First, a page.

Contractors will need to be proactive to prevent potentially harmful information from becoming public. (FAPIIS)

A recent final rule in the Federal Register (FAR Case 2010-016) regarding Public Access to the Federal Awardee Performance and Integrity Information could have a significant impact on federal contractors.

The final rule implements section 3010 of the Supplemental Appropriations Act, 2010 (Pub. L. 111-212), enacted July 29, 2010. The legislation requires that information in the Federal Awardee Performance and Integrity Information System (FAPIIS) to be made publicly available. However past performance reviews are excluded from public release.

Contractors have the right to review the information before it becomes public by convincing the Government that the information qualifies as exempt from FOIA disclosure. As the government strives for more transparency and accountability, the purpose of FAPIIS is to provide a one-stop shop for contracting officers to review information about contractors’ business ethics, integrity, and performance. Information such as a Contracting Officer’s final determinations will be posted on FAPIIS including but not limited to: Default; Defective cost or pricing data, Being listed in the Excluded Parties Listing System, and Non-responsibility determinations.

Contractors will receive notification when new information is posted to the Contractor’s record. Contractors have 7 calendar days to provide written assertion that the FOIA disclosure exemption applies. Government officials have 7 calendar days to resolve the issue in accordance with agency FOIA procedures.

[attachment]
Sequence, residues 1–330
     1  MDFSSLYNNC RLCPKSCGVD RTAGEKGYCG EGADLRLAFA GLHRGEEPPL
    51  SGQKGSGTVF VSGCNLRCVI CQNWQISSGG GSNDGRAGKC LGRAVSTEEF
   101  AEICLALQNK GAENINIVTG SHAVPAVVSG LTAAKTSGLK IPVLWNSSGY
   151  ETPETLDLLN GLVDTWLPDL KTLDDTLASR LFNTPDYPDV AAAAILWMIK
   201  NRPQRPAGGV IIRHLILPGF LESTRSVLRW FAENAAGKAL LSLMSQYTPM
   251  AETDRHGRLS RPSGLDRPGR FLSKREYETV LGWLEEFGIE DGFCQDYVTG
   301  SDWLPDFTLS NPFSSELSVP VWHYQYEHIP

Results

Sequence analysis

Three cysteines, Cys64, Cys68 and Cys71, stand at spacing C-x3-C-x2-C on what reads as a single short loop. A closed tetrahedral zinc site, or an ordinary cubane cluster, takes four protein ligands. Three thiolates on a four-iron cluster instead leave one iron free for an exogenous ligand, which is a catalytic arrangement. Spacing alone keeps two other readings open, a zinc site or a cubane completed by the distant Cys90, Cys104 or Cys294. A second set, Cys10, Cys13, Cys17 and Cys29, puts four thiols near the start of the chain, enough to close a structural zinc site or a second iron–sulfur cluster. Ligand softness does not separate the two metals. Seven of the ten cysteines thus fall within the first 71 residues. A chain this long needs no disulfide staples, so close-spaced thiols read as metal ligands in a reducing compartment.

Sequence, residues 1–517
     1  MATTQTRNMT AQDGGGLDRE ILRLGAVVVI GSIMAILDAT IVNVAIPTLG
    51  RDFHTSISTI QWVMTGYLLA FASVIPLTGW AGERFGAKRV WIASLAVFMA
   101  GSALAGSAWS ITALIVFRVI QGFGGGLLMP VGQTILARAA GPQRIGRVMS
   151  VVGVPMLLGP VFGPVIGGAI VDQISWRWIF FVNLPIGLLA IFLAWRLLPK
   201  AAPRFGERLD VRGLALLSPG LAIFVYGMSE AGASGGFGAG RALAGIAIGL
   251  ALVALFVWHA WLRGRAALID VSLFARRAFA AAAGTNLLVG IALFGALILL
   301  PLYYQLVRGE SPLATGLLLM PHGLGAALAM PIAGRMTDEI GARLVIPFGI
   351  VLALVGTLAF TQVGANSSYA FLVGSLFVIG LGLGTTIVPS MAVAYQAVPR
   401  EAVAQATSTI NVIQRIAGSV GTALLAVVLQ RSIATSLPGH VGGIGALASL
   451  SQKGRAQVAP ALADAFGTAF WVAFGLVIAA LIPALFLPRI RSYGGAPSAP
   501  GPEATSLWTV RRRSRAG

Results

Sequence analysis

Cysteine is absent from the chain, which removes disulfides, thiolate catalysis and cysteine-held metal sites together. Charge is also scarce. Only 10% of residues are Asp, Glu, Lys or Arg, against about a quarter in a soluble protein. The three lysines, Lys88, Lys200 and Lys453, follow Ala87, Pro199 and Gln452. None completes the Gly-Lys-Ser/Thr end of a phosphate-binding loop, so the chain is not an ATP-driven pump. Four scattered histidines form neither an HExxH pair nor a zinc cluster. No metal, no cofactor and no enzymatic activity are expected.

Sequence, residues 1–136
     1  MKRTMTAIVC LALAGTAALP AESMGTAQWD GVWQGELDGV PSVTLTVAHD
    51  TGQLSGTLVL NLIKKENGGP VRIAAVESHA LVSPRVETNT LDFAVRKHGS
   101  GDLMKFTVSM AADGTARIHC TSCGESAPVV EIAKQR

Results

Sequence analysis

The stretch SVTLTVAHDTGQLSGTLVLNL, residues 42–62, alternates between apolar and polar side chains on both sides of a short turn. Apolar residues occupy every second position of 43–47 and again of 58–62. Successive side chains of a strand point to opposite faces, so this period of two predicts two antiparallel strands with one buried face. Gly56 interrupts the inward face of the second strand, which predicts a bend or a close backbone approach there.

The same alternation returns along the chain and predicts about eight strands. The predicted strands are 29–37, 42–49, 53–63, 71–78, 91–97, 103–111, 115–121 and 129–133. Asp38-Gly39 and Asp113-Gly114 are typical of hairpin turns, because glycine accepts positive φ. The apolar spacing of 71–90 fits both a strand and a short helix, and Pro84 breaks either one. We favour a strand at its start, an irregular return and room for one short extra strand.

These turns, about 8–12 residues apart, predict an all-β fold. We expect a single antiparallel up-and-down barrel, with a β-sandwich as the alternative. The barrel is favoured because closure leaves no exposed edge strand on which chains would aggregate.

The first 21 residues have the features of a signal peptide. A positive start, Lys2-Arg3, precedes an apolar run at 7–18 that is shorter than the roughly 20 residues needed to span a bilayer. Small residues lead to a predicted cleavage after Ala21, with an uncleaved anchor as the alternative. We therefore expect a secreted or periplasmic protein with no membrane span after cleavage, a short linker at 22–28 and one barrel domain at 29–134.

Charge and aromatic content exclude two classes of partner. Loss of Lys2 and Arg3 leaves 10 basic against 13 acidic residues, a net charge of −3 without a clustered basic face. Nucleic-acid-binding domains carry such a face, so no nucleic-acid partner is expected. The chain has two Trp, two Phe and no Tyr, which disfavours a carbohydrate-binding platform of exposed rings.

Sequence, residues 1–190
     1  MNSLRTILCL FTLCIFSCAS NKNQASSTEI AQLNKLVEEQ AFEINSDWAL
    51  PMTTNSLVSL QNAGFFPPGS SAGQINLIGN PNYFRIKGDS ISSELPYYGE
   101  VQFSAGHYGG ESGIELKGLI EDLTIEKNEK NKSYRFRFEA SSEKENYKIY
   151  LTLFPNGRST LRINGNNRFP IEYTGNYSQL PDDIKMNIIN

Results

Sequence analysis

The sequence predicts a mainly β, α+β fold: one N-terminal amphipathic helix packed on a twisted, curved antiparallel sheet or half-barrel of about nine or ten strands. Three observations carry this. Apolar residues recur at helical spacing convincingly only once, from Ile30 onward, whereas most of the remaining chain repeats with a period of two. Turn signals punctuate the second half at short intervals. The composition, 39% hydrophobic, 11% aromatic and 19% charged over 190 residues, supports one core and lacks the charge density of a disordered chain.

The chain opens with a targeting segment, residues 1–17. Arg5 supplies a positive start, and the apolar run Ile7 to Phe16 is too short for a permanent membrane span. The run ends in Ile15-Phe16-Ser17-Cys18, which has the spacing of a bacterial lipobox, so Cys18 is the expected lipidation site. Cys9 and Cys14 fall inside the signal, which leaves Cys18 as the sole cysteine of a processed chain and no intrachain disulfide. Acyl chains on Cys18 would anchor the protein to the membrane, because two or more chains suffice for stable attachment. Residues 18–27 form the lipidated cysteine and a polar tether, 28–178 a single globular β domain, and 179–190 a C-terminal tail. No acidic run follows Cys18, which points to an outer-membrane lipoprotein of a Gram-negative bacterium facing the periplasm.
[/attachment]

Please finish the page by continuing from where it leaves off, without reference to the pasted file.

The burden will be on contractors to continuously monitor FAPIIS to determine if pending information releases could potentially harm them (e.g. release of proprietary and confidential information).

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Raul Espinosa

I agree and I will add a caveat. FAPIIS was a great idea conceived by POGO. Let me share another great idea which is being championed by the Fairness in Procurement Alliance (FPA) and its Umbrella Initiative Think Tank. What’s most needed and wanted – to bring transparency to government procurement – is a public database maintained by the private sector, which would report – in similar fashion than FAPIIS – on abusive contracting practices, especially against small businesses. The subject of ‘unfair justifications’ is causing havoc in small business circles as noted on this procurement advisory, http://bit.ly/Unfair_Justifications and there is a great need to create consequences for the acquisition units which are responsible for the barriers as noted on this OP-ED, http://bit.ly/Transparency_and_Consequenses_Needed. The road to fairness in contracting is a two way street! Get involved and make a difference!!

Jaime Gracia

In the spirit of transparency, I think this new rule misses the mark, in that the public should be able to see the past performance of contractors. It would be an important milestone to see how contractors are performing, and the quality of how taxpayer funds are being spent. No intellectual property, or proprietary information, will be shared in reporting performance. If contractors perform poorly, then the public should have the right to see that and demand action.

Successful lobbying efforts by industry have prevented this disclosure.

Ron Falcone

Regarding a prviate sector database; the governance structure could be a challange. Some would argue that a DB mantained by the private sector has the potential for bias. Do you envision a wiki-like DB?